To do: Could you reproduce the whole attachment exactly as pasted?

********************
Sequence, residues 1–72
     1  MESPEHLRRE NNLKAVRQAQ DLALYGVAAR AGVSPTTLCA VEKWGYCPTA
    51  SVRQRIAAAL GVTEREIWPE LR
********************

Sequence, residues 1–72
     1  MESPEHLRRE NNLKAVRQAQ DLALYGVAAR AGVSPTTLCA VEKWGYCPTA
    51  SVRQRIAAAL GVTEREIWPE LR